Everything here was new to Ann; and what could be more delightful, what could give me greater joy than to be able to show all that was noteworthy and pleasant, and to me well-known, to a well-beloved friend, and to tell her the use and end of each thing. His eye, on the other hand, was full of speech, and by the time I had been no more than three weeks at the Lodge it told me, as often as it might, that he was deeply in love with me; nay, he told the reverend chaplain in so many words that his first desire was that he might take me home as his wife to Swabia, where he had rich estates.

Never would I have said him yea, albeit I liked him well; nor did I hide it from him; nay indeed, now and again I may have lent him courage, though truly with no evil intent, since I was not ill pleased with the tale his eyes told me. And I was but a young thing then, and wist not as yet that a maid who gives hope to a suitor though she has no mind to hear him, is guilty of a sin grievous enough to bring forth much sorrow and heart-ache.

It was not till I had had a lesson which came upon me all too soon, that I took heed in such matters; and the time was at hand when men folks thought more about me than I deemed convenient. As I have gone so far as to put this down on paper, I, an old woman now, will put aside bashfulness and freely confess that both Ann and I were at that time well-favored and good to look upon. I was of the greater height and stouter build, while she was more slender and supple; and for gentle sweetness I have never seen her like.

But I will leave speaking of such foolish things and come now to the point. Though for most days common wear was good enough at the Forest Lodge, we sometimes had occasion to wear our bravery, for now and again we went forth to hunt with my uncle or with the Junker, on foot or on horseback, or hawking with a falcon on the wrist. There was no lack of these noble birds, and the bravest of them all, a falcon from Iceland beyond seas, had been brought thence by Seyfried Kubbeling of Brunswick. That same strange man, who was my right good friend, had ere now taught me to handle a falcon, and I could help my uncle to teach my friend the art.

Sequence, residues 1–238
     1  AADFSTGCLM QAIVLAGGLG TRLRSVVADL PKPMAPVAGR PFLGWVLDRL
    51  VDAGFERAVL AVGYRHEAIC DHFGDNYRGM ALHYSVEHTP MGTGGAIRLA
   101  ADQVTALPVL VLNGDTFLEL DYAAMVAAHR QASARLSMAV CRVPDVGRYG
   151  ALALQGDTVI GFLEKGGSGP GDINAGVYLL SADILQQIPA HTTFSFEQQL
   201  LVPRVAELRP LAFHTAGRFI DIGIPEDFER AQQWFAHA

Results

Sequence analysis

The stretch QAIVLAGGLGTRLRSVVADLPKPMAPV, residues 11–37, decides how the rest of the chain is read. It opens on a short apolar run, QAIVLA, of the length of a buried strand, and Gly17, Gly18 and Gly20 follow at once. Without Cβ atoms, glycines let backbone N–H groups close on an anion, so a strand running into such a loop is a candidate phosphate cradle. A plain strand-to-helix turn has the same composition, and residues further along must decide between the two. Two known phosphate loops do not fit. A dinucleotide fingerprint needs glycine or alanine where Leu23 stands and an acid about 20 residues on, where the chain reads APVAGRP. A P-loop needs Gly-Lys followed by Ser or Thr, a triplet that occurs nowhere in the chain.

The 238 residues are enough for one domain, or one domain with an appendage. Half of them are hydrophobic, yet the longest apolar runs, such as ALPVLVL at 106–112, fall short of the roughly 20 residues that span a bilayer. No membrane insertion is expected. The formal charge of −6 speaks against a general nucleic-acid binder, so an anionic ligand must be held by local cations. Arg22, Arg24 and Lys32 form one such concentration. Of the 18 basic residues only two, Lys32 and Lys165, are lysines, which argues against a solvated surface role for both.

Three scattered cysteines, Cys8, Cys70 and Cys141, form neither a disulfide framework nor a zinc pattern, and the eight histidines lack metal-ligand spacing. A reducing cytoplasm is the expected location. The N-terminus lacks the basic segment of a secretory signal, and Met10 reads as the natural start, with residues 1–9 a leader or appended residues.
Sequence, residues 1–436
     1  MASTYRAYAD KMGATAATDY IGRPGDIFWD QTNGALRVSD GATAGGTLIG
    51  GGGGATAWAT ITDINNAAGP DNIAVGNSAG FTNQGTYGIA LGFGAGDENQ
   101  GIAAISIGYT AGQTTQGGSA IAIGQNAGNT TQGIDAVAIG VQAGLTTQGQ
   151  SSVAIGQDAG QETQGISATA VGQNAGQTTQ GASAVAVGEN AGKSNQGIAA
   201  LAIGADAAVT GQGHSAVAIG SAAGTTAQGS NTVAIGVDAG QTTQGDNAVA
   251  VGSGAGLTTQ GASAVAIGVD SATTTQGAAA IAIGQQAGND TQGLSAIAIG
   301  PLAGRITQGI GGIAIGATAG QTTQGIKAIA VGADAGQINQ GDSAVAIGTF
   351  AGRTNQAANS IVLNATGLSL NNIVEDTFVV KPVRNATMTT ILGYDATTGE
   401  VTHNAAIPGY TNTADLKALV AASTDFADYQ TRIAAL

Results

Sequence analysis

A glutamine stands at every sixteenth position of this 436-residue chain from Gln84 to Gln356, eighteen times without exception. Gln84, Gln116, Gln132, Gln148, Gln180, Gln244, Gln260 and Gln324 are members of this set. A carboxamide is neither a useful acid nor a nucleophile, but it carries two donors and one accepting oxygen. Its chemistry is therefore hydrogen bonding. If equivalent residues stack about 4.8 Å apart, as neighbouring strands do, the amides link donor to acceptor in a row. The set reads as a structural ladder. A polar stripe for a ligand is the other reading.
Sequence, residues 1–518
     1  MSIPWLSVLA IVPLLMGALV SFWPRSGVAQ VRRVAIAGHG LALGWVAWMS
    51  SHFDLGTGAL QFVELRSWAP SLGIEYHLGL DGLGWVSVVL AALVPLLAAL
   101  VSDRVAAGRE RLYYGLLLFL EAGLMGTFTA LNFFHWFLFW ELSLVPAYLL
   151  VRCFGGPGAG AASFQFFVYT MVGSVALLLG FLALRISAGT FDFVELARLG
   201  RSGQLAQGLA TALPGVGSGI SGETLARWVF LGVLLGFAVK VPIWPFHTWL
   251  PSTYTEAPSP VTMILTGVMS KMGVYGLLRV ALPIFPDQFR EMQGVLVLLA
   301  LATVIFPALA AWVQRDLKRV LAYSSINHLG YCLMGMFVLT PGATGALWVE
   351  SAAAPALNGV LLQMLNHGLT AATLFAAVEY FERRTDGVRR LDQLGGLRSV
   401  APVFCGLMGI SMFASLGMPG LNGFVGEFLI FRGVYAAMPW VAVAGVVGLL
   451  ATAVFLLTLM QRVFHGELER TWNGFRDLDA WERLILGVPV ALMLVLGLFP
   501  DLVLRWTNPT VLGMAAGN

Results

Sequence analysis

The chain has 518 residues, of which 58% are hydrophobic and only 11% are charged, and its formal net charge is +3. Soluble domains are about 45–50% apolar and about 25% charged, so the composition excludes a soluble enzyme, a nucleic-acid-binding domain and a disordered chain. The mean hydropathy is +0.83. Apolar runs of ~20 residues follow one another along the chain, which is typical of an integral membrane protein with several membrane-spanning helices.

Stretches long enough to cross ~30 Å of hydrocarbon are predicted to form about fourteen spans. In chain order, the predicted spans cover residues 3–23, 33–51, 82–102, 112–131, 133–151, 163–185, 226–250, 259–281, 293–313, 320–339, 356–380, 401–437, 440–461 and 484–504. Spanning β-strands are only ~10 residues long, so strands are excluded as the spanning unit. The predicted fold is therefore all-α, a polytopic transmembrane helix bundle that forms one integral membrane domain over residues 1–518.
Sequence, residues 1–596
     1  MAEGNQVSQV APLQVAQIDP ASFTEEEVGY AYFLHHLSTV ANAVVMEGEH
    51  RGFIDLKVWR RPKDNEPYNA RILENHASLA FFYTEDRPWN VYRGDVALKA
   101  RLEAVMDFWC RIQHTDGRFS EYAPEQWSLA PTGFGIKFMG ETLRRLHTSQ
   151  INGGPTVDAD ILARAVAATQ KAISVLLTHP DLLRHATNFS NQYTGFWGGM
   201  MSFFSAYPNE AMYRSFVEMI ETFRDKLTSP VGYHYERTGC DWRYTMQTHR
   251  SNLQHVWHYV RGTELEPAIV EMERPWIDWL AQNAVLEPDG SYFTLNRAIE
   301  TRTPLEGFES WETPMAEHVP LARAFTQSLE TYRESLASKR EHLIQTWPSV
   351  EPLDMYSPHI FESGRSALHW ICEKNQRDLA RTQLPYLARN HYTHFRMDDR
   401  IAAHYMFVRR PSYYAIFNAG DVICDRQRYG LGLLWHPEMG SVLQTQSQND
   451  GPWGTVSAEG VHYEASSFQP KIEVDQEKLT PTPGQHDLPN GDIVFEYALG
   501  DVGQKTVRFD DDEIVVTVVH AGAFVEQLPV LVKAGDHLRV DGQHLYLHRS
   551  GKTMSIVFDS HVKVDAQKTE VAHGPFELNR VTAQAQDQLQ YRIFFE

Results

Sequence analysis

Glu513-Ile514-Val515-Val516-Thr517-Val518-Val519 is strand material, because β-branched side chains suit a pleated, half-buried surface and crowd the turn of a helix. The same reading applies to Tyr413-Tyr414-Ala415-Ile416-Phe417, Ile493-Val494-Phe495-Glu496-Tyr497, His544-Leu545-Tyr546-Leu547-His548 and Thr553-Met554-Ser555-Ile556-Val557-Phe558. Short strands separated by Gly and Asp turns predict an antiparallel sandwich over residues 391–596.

I went out shooting but seldom, by reason that Ann loved it not ever after she had hit one of the best hounds in the pack with her arrow; and my uncle must have been well affected to her to forgive such a shot, inasmuch as the dogs were only less near his heart than his closest kin. They had to make up to him for much that he lacked, and when he stood in their midst he saw round him, yelping and barking on four legs, well nigh all that he had thought most noteworthy from his childhood up.

They bore names, indeed, of no more than one or two syllables, but each had its sense. They were for the most part the beginning of some word which reminded him of a thing he cared to remember. First he had, in sport, named some of them after the metrical feet of Latin verse, which had been but ill friends of his in his school days, and in his kennel there was a Troch, Iamb, Spond and Dact, whose full names were Trochee, Iambus, Spondee and Dactyl.

Now Spond was the greatest and heaviest of the wolfhounds; Anap, rightly Anapaest, was a slender and swift greyhound; and whereas he found this pastime of names good sport he carried it further. Thus it came to pass that the witless creatures who shared his loneliness were reminders of many pleasant things. A noble hound called Salve, or as we should say Welcome, spoke to him of the birth of his first born, and every dog in like manner had a name of some signification; thus Ann took it not at all amiss that he should call a fine young setter after her name.

There had long been a Gred, short for Margaret. Nevertheless we spent much more time in seeing the sick to whom my aunt sent us on her errands, than we did in shooting or heron-hawking. She ever packed the little basket we were to carry with her own hands, and there was never a physic which she did not mingle, nor a garment she had not made choice of, nor a victual she had not judged fit for each one it was sent to. Thus many a time our souls ached to see want and pain lying in darksome chambers on wretched straw, though we earned thanks and true joy when we saw that healing and ease followed in our steps.

And whatever seemed to me the most praiseworthy grace in my Aunt Jacoba, was, that albeit she could never hear the hearty thanksgiving of those she had comforted and healed, she nevertheless, to the end of her days, ceased not from caring for the poor folks in the forest like a very mother. My Ann was never made for such work, inasmuch as she could never endure to see blood or wounds; yet was it in this tending of the sick that I had reason to mark and understand how strong was the spirit of this frail, slender flower.

Since a certain army surgeon, by name Haberlein, had departed this life, there was no leech at the Forest lodge, but my aunt and the chaplain, a man of few words but well trained in good works and a right pious servant of the Lord, were disciples of Galen, and the leech from Nuremberg came forth once a week, on each Tuesday; and since the death of Doctor Paul Rieter, of whom I have made mention, it was his successor Master Ulsenius.

His duty it was to attend on the sick mistress, and on any other sick folks if they needed it; and then it was our part to wait on the leech, and my aunt would diligently instruct us in the right way to use healing drugs, or bandages. The first time we were bidden to a woman who gathered berries, who had been stung in the toe by an adder; and when I set to work to wash the wound, as my aunt had taught me, Ann turned as white as a linen cloth.